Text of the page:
Yes, AI has come a long way, and it still has a long way to go. In particular, it fails to comprehend the meaning of the phenomena it deals with, says Melanie Mitchell in a current NYTimes op-ed, Artificial Intelligence Hits the Barrier of Meaning.
Even more worrisome are recent demonstrations of the vulnerability of A.I. systems to so-called adversarial examples. In these, a malevolent hacker can make specific changes to images, sound waves or text documents that while imperceptible or irrelevant to humans will cause a program to make potentially catastrophic errors.
The possibility of such attacks has been demonstrated in nearly every application domain of A.I., including computer vision, medical image processing, speech recognition and language processing. Numerous studies have demonstrated the ease with which hackers could, in principle, fool face- and object-recognition systems with specific minuscule changes to images, put inconspicuous stickers on a stop sign to make a self-driving car’s vision system mistake it for a yield sign or modify an audio signal so that it sounds like background music to a human but instructs a Siri or Alexa system to perform a silent command.
These potential vulnerabilities illustrate the ways in which current progress in A.I. is stymied by the barrier of meaning. Anyone who works with A.I. systems knows that behind the facade of humanlike visual abilities, linguistic fluency and game-playing prowess, these programs do not — in any humanlike way — understand the inputs they process or the outputs they produce. The lack of such understanding renders these programs susceptible to unexpected errors and undetectable attacks.
What would be required to surmount this barrier, to give machines the ability to more deeply understand the situations they face, rather than have them rely on shallow features? To find the answer, we need to look to the study of human cognition.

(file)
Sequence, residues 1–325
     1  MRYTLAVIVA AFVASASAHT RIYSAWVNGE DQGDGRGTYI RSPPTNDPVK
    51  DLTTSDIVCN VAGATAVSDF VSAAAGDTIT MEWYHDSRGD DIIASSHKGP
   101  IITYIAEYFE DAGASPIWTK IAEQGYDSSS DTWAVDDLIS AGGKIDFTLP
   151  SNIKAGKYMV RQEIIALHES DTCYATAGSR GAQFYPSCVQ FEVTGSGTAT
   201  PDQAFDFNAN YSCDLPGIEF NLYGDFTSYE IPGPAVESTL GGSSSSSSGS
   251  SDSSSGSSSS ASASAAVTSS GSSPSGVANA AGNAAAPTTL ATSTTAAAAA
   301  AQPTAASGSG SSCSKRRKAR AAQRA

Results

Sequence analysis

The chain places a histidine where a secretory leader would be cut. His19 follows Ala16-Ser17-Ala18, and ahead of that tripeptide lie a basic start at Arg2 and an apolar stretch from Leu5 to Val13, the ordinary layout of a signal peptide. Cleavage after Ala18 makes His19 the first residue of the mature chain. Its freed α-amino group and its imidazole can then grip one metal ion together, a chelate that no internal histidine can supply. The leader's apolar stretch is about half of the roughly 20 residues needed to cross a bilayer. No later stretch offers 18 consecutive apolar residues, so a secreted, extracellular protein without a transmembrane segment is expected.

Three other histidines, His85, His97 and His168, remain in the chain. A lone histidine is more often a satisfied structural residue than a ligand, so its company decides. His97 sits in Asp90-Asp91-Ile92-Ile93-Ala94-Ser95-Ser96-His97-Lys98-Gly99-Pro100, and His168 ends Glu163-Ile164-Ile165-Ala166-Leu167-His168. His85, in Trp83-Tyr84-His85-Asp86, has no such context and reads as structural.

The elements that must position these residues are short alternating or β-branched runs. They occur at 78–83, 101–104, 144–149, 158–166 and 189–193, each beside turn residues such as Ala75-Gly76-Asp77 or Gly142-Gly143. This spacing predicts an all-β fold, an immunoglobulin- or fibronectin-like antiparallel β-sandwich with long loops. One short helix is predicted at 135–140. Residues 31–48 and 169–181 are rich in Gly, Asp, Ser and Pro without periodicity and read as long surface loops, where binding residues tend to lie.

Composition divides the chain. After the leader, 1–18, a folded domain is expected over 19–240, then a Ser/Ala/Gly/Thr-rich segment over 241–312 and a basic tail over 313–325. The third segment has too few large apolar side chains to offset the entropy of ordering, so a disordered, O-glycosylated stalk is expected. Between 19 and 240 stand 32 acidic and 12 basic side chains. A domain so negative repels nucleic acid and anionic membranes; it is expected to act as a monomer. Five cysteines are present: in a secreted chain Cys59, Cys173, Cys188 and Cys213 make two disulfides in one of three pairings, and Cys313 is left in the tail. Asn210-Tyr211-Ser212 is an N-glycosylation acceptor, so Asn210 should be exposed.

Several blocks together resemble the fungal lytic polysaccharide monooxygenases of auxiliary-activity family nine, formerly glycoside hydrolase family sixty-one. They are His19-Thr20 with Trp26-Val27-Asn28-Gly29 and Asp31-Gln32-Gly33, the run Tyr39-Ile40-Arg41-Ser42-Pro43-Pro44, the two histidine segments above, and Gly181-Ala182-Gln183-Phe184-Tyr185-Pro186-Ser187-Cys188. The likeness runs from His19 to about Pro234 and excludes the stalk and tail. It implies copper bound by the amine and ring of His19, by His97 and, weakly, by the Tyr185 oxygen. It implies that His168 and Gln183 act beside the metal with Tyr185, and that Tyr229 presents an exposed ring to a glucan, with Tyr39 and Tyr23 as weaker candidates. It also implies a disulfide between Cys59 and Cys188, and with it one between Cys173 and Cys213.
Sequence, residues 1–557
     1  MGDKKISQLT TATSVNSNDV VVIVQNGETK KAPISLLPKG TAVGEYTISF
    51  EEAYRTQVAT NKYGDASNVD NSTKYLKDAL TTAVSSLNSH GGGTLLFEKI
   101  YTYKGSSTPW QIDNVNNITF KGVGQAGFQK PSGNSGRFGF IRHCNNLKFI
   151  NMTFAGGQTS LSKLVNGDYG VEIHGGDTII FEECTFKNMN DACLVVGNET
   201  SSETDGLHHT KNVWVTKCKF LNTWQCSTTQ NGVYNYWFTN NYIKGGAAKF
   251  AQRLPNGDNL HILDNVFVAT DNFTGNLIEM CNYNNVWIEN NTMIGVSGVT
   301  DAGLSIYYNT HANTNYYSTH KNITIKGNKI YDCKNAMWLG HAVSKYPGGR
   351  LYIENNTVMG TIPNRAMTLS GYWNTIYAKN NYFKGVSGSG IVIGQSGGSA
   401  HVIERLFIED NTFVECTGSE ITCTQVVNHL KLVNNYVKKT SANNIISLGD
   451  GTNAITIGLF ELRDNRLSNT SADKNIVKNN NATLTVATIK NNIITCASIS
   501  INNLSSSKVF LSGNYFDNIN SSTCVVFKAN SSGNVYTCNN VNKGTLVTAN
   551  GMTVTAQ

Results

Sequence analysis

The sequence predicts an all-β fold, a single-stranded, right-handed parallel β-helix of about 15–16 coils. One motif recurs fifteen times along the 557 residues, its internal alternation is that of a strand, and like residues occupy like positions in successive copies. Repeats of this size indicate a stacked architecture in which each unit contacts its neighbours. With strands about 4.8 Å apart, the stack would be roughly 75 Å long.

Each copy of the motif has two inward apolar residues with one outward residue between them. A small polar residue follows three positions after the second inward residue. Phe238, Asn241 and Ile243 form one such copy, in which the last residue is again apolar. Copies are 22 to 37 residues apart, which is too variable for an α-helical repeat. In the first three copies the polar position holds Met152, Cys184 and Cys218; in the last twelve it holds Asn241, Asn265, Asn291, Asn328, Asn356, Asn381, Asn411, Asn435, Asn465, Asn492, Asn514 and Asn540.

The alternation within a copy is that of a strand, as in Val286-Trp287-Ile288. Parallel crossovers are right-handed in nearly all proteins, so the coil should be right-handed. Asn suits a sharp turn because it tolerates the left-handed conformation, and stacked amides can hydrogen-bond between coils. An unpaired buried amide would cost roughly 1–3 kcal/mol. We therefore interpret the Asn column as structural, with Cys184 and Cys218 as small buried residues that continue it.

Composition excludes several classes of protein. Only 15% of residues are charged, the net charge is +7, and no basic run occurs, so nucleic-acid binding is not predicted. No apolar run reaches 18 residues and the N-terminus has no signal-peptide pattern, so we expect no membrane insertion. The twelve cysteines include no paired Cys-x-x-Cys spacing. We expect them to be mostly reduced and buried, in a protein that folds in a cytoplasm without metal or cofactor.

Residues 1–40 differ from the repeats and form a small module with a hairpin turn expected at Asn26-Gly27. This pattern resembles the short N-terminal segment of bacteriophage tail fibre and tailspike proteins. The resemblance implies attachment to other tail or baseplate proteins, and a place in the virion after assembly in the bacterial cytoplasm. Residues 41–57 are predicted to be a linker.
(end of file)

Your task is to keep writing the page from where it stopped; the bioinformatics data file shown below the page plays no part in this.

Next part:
Our own understanding of the situations we encounter is grounded in broad, intuitive “common-sense knowledge” about how the world works, and about the goals, motivations and likely behavior of other living creatures, particularly other humans. Additionally, our understanding of the world relies on our core abilities to generalize what we know, to form abstract concepts, and to make analogies — in short, to flexibly adapt our concepts to new situations. Researchers have been experimenting for decades with methods for imbuing A.I. systems with intuitive common sense and robust humanlike generalization abilities, but there has been little progress in this very difficult endeavor.
A.I. programs that lack common sense and other key aspects of human understanding are increasingly being deployed for real-world applications. While some people are worried about “superintelligent” A.I., the most dangerous aspect of A.I. systems is that we will trust them too much and give them too much autonomy while not being fully aware of their limitations.